The recently introduced tablet-based training tool MaGrid for VSA and early numerical abilities (Cornu et al., 2017; Pazouki et al., 2018) aims at meeting this challenge. MaGrid training tasks are based on established developmental models of numerical cognition (Von Aster and Shalev, 2007) as well as further findings from empirical research on visual-spatial development. Thus, they line up with the few existing digital programs for training numerical skills, which are based on generally accepted theoretical concepts and scientific evidence (e.g., “Math Garden”; Straatemeier, 2014; “Math Shelf”; Schacter et al., 2016).

MaGrid is a tablet-based app for training building blocks of early numerical abilities. It provides a wide range of training tasks (i.e., 32 number specific and simple arithmetic tasks and 16 different visual-spatial tasks). These tasks target different aspects of visual-spatial (e.g., spatial perception, (mental) rotation, spatial visualization, and visual-motor integration) and related number-specific knowledge mostly at the preschool level for children aged 4–7 years. A novelty of MaGrid is its independence of any language instructions such as text or voice-overs, which is unique so far. In addition, MaGrid combines all the advantages of computer-based training tools. It allows user-friendly easy to administer individual learning in an interactive way and provides real-time feedback. The built-in logging- and monitoring-system allows to keep track of a children’s learning progress and to observe potential training-related improvements over time (Pazouki et al., 2018).

The effectiveness of MaGrid was evaluated empirically for kindergarten children (Cornu et al., 2017). In their intervention study, Cornu et al. (2017) realized a MaGrid training of VSA twice a week over a period of 10 weeks. The authors used various tasks such as Find forms, Copy forms, Tangram, Rotation, Reproduce forms I and Reproduce forms II (these tasks are used in the present study related to the 2 by 2 taxonomy of VSA), as well as Find the pair, Figure completion, Odd-one out, Row completion, Line bisection, Figure bisection, and Symmetry among others. Training effects were compared to a control group of kindergarten children (i.e., business-as-usual classroom following the Luxemburgish curriculum for kindergartens) who did not use the app. Results indicated that children who were trained with MaGrid significantly improved in some VSA (e.g., spatial orientation and visuo-motor integration) over the course of training. However, improvements in VSA were limited to the trained visual-spatial domains. The authors did not observe generalization to non-trained VSA or numerical skills. Nevertheless, this study showed the suitability of MaGrid for training VSA in kindergarten children. However, MaGrid has not yet been used as a tool for targeted assessment of VSA.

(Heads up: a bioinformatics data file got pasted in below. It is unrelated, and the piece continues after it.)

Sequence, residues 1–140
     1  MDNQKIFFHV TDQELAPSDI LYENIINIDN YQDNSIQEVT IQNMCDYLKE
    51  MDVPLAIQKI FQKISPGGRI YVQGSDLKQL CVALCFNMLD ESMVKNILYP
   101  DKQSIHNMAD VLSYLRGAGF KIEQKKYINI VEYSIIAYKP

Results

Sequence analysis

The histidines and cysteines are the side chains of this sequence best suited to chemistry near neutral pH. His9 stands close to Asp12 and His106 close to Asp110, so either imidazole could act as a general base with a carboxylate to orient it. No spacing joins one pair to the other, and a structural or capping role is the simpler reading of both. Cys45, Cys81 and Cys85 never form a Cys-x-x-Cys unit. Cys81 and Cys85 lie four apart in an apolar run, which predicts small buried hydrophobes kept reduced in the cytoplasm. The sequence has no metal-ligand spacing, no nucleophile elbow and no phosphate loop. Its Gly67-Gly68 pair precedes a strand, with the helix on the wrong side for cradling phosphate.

Targeted assessments are essential for the evaluation of individual abilities. However, assessments are often carried out in very artificial settings that are far from everyday life play situations. Using a tablet-based app, which has already been shown to maintain young children’s interest over a longer period (Pazouki et al., 2018), may help to reduce stress in assessment situations. Thus, children’s abilities may be assessed in a more playful manner (Zaranis and Valla, 2017), most probably facilitating the assessment process. Furthermore, features implemented in MaGrid, such as its language neutrality or built-in logging- and monitoring-system, may be assumed to be very promising for a fair and simplified data acquisition and monitoring of developmental processes.

In the present study and based on the above-mentioned assumptions, we modified the functionality of MaGrid so that it could be used for the assessment of VSA in kindergarten children. To this end, we chose six tasks of MaGrid, which were most closely related to the tasks Newcombe and Shipley (2015) associated with specific VSA according to their taxonomy: Two tasks each were assigned to assess intrinsic-static, intrinsic-dynamic, and extrinsic-static VSA. Please note that extrinsic-dynamic VSA (i.e., perspective taking) cannot be assessed using MaGrid because the app does not include respective tasks (see Frick et al., 2014). Therefore, we did not consider extrinsic-dynamic VSA in this study.